This is a fairly similar play design to the one above, except the read option is replaced by a speed option to the left, with Kelce faking a pitch outside to Hill before running behind the offensive guard on the same side of the play. The key to both of these plays is the threat that Hill represents as a runner—watch the way that Trey Flowers and Patrick Chung both freeze in the above play when Kelce fakes the pitch outside to Hill. That split second that both of them turn their eyes to the outside is more than enough to open up the space that Kelce needs to plunge forward for the first down. Hill is one of the fastest humans on the planet, and every edge defender is well aware that they don’t have a snowball’s chance in hell of running him down if he is able to get to the edge with a head of steam. And when the Chiefs do put the ball in the hands of their human lightning bolt, they’ll usually throw in some additional misdirection to give him extra room to work:




In this play (from Kansas City’s week 2 win over the Eagles), Hill starts out lined up slot right, with fellow offensive Swiss Army knife De’Anthony Thomas in the backfield as the nominal running back next to Smith. The Chiefs send Hill in motion from right to left before the snap, drawing Eagles cornerback Patrick Robinson to shadow him across the formation to the back side of the play, and then Hill reverses back towards the strong side right as the ball is snapped. Smith hands the ball to Hill on the jet sweep and then, practically simultaneously, simulates a read option with De’Anthony Thomas running to the weak side. That extra bit of deception is enough to momentarily freeze Robinson and middle linebacker Nigel Bradham, preventing them from tracking Hill back to the other side of the play as they react to Thomas’ fake. By the time they even figure out who has the ball, Hill has already turned the corner on the far side of the formation.


You can already see all the difficult decisions defenders are faced with as they try to account for Kansas City’s dazzling and unpredictable array of weapons. But Andy Reid and the Chiefs didn’t stop there—like a great pitcher who uses his fastball early in the count to set up the breaking ball later, the Chiefs trotted out a spiced-up variation of this exact same concept on their go ahead touchdown in the fourth quarter of that same game:



Two things grab your attention on this play. First, Travis Kelce is clearly a damn wizard, because human beings are not supposed to be able to levitate. Second, this play is identical in almost every way to the jet sweep to Hill that we just examined—Hill goes in motion from right to left, once again drawing Patrick Robinson across the formation, only to immediately shoot back the other way. This time, Robinson corrected for his previous mistake by following Hill’s motion back to the right in anticipation of the handoff…except the handoff never comes. Instead, Kelce sneaks towards the center of the line to receive the shovel pass from Smith as the Eagles’ front seven is keying on Hill. This would be a tough play to defend against any offense, but it’s even tougher against Kansas City because every single option that is on the table—the sweep to Hill, the handoff to Thomas, or Smith keeping the ball for himself—is something that Kansas City had already used successfully at some point previously in the same game. Watch Patrick Robinson as the play develops—you can almost see the steam leaking out of his ears as his brain melts into a sizzling puddle trying to figure out where the ball is actually going. By the time he has processed all the conflicting information being thrown at him, it is way too late—Kelce is already rapturing his way into the end zone (seriously, is he an airbender or something? That should not have been physically possible).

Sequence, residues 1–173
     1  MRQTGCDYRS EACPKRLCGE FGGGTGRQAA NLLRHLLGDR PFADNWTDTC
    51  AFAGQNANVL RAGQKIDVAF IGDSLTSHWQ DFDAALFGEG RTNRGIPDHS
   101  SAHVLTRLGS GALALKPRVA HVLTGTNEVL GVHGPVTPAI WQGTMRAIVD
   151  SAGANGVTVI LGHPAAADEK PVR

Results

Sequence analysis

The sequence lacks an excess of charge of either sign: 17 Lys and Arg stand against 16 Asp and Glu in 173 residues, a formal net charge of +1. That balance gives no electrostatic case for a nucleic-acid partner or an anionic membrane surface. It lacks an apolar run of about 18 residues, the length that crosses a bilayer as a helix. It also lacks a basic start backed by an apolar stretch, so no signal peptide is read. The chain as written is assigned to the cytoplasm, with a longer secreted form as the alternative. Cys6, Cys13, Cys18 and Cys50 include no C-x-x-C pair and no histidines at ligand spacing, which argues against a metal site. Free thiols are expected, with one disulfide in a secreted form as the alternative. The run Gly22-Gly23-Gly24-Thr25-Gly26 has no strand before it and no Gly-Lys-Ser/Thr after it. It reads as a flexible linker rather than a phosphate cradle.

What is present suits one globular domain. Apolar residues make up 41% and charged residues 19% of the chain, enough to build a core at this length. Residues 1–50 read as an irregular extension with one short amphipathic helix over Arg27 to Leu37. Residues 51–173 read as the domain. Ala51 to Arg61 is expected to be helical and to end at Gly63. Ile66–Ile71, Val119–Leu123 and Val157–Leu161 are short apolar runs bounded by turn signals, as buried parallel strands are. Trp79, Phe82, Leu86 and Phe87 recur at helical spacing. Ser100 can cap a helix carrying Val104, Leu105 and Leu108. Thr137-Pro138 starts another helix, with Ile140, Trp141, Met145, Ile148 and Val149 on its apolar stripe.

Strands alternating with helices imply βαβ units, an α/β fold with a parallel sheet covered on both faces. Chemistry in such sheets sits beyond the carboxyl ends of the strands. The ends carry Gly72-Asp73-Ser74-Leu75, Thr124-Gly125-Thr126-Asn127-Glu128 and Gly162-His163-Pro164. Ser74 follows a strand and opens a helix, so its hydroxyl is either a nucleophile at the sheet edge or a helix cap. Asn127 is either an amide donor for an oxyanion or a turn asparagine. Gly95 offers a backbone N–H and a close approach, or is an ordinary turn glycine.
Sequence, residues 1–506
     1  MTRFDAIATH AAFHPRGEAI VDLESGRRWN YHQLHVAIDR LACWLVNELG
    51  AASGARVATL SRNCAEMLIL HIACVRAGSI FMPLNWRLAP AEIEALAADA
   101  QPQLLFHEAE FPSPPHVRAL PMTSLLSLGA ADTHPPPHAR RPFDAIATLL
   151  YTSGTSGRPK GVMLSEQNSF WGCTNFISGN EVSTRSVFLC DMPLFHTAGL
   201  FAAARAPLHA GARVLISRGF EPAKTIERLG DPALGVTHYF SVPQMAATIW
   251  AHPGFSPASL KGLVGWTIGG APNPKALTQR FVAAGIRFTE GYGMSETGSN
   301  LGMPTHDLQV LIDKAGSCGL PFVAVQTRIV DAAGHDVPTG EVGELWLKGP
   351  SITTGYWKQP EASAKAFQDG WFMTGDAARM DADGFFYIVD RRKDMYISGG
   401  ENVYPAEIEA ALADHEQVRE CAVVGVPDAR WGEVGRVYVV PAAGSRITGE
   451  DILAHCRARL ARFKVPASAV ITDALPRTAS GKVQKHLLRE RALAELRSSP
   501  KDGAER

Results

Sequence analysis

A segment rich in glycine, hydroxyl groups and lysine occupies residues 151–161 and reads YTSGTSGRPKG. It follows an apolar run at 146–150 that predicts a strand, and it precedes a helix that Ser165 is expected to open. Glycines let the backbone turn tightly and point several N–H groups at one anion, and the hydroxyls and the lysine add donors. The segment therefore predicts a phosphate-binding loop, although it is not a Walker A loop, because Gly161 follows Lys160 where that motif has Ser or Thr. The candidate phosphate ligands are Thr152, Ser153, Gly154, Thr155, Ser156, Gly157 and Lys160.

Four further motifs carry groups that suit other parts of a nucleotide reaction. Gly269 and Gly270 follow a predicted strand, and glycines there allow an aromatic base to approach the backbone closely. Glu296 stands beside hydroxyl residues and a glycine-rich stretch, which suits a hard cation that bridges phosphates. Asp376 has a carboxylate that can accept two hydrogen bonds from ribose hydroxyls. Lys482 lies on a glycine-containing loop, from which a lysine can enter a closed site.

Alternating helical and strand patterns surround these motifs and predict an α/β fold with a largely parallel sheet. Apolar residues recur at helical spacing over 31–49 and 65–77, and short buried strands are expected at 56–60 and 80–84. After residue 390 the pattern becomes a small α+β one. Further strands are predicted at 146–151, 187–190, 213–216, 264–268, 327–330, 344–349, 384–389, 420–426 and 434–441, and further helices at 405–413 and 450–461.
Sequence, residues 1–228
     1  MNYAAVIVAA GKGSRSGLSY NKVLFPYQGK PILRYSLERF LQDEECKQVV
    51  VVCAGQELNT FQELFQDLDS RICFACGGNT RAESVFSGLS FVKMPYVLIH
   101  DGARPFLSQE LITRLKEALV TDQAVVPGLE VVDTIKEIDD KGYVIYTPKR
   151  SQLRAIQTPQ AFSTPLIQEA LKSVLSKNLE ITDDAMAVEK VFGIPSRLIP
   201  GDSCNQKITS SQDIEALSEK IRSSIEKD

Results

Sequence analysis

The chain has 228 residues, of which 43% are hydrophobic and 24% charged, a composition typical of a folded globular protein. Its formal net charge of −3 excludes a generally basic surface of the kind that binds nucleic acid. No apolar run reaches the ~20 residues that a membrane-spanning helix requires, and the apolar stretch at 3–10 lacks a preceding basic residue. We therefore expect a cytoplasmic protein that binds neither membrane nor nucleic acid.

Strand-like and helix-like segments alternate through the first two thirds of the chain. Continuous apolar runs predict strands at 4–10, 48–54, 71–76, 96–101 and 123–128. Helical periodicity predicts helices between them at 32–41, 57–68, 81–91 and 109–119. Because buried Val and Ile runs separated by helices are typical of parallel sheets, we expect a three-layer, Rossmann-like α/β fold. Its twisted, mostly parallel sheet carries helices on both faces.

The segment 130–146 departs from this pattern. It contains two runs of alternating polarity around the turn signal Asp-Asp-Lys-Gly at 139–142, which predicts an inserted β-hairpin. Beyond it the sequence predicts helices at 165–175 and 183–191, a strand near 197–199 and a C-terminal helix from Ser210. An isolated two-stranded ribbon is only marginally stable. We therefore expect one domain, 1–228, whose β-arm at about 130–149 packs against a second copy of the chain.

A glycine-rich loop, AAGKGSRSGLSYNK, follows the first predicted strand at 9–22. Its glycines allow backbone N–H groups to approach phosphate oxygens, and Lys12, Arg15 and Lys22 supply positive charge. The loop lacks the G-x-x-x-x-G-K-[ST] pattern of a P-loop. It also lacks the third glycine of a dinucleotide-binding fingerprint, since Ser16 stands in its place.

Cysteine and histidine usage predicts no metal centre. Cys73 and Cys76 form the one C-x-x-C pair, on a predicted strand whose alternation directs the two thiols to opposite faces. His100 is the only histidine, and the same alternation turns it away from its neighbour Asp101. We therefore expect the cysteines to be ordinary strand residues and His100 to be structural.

We all love to make fun of Andy Reid, with his walrus mustache and lack of clock management skills, but it’s plays like this that remind you why he is still one of the most highly regarded offensive minds in the game. Reid is a sorcerer when it comes to Xs and Os, and that has never been more apparent than in 2017, where he has built an unstoppable offensive juggernaut out of a collection of guys that most people would think of as little more than gadget players. We have been told for years that the option offense is a college-ball gimmick that will never succeed in the NFL, because professional defenses are simply too fast and too well coached. As the Chiefs have proved this year, that could not be more wrong. It doesn’t matter how fast a defender is if he has no chance to assess where the play is going until it has already moved past him.


As good as the Chiefs are on offense, they certainly have flaws. As we saw in their loss to Pittsburgh last week, their well-oiled offensive machine starts to break down if they have to spend big chunks of the game playing from behind—when Smith was forced to throw the ball to play catch-up, it ruled out a lot of the exotic rushing concepts that make Kansas City’s offense so efficient and exciting. But in a season where most of the teams in playoff contention appear to have serious, exploitable flaws, the Chiefs have set themselves apart with their innovative and aggressive attack. While the rest of the league is zigging, Andy Reid has zagged—and he may well zag his way to a long-awaited Super Bowl ring.


Leave a Reply

Your email address will not be published. Required fields are marked *